React.Amsterdam 2018

On Friday the 13th (oeh) I visited React Amsterdam. After arriving at the Amsterdam Central Station I only had to wait a few minutes for the React Amsterdam Ferry to arrive. Registering went pretty smoothly. soon the first presentations were about to start and as a mobile developer I focused on the React Native track.

Recoil

Leland Richardson, a former Airbnb employee and now Google employee, talked about Cross-Language React and how the React paradigm can be used in other fields such as native mobile development.

React’s paradigm forces the developer to create declarative (as opposed to imperative) components. This declarative approach is something Leland tried to prototype in Github (https://github.com/lelandrichardson/recoil) as part of a native mobile application. Recoil has a simple DSL, for example to insert an image all you have to type is:

h(::Image, “0”, ImageProps(
style = styles.child + styles.red + styles.transform,
source = ImageSource(uri = “https://unsplash.it/80/80?image=456")
))

Even though it is a step in the right direction I feel the approach could be similar to that of a Android library called Anko (https://github.com/Kotlin/anko). Anko uses a very straightforward DSL with a declarative (UI) declaration.
An approach similar to that of Anko could look like the code block below:

imageView {
style = styles.child + styles.red + styles.transform
source = ImageSource(uri = "https://unsplash.it/80/80?image=456")
}

Anko is already powerful on its own. It is very easily extendable and already contains all of the native components. With Recoil these native elements have to be redefined, along with all their native attributes, and fit into the framework.

React Navigation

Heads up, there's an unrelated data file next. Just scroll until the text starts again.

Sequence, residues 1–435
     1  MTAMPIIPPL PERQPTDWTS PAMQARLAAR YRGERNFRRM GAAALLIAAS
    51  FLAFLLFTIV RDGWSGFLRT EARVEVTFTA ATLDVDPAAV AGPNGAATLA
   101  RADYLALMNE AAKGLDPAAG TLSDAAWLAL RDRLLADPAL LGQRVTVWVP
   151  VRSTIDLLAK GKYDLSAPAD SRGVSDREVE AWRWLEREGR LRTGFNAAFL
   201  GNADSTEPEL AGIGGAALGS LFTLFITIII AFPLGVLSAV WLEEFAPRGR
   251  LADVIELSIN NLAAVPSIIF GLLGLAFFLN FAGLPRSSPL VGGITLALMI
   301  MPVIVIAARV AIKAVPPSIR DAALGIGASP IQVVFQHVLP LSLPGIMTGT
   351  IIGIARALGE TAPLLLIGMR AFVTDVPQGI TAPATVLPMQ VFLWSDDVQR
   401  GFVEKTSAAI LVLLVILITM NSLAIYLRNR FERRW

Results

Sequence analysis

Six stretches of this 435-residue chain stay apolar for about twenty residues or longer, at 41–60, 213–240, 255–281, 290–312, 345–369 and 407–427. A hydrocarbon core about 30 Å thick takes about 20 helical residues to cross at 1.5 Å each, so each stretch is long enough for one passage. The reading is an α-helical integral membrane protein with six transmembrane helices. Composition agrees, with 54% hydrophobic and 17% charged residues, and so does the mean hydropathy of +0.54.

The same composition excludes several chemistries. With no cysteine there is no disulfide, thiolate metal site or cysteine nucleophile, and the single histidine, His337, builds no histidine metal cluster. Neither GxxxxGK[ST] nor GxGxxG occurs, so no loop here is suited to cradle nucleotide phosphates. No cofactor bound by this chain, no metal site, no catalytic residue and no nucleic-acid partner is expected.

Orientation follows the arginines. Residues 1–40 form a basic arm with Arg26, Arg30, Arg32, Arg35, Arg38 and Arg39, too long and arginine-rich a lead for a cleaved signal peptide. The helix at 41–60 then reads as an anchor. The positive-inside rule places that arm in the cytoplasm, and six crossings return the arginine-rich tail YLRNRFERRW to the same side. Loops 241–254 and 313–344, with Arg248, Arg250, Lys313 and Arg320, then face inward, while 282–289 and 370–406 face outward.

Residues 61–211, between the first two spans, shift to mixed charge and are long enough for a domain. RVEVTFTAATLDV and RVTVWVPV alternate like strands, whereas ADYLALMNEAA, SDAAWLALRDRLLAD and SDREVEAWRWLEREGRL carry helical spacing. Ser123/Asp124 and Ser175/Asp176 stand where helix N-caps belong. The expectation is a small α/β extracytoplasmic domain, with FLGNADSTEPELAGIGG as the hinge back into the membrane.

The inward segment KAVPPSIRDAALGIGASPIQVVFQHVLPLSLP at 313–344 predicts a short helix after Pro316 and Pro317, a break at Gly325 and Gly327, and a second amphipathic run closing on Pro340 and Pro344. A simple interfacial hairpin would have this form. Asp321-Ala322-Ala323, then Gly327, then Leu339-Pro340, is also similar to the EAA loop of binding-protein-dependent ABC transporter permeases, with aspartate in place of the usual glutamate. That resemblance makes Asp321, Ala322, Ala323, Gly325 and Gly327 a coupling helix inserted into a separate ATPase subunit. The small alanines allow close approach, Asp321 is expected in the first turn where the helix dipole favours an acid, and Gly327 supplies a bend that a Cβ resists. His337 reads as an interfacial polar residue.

Next up was Brent Vatne with React Navigation. After explaining the basics and common use cases he presented plans for 2.0 and its extensibility for 3rd party navigators. Some of the examples included shared elements, transitions and a bottom bar. This results in a generic way to extend the react-navigation library.

AR + VR

Nader Dabit gave a very interesting talk about VR + AR. Instead of using a go to solution such as Unity, ARKit or ARCore, Nader used Viro for cross platform React based VR and AR. In a declarative way you can easily render and move things around in the scene.

WIX

Another interesting talk was given by two employees from WIX with regards to their continuous workflow. Even though they have up to 40 developers working on the WIX application they managed to set-up a straightforward CI solution. By separating their app into logical modules and using Teamcity with an internal NPM the result is an almost fully tested app.

Smart home

The last React Native talk was by Vladimir Novick regarding controlling smart homes. He created a very nifty React Native library to control (for now) 3 different brands (Philips, Wemo and Magic Home) of lights. By using a graphql server he can very easily change the state or light/hue colors of his lamps.

All in all a very informative conference and must say: well-organised!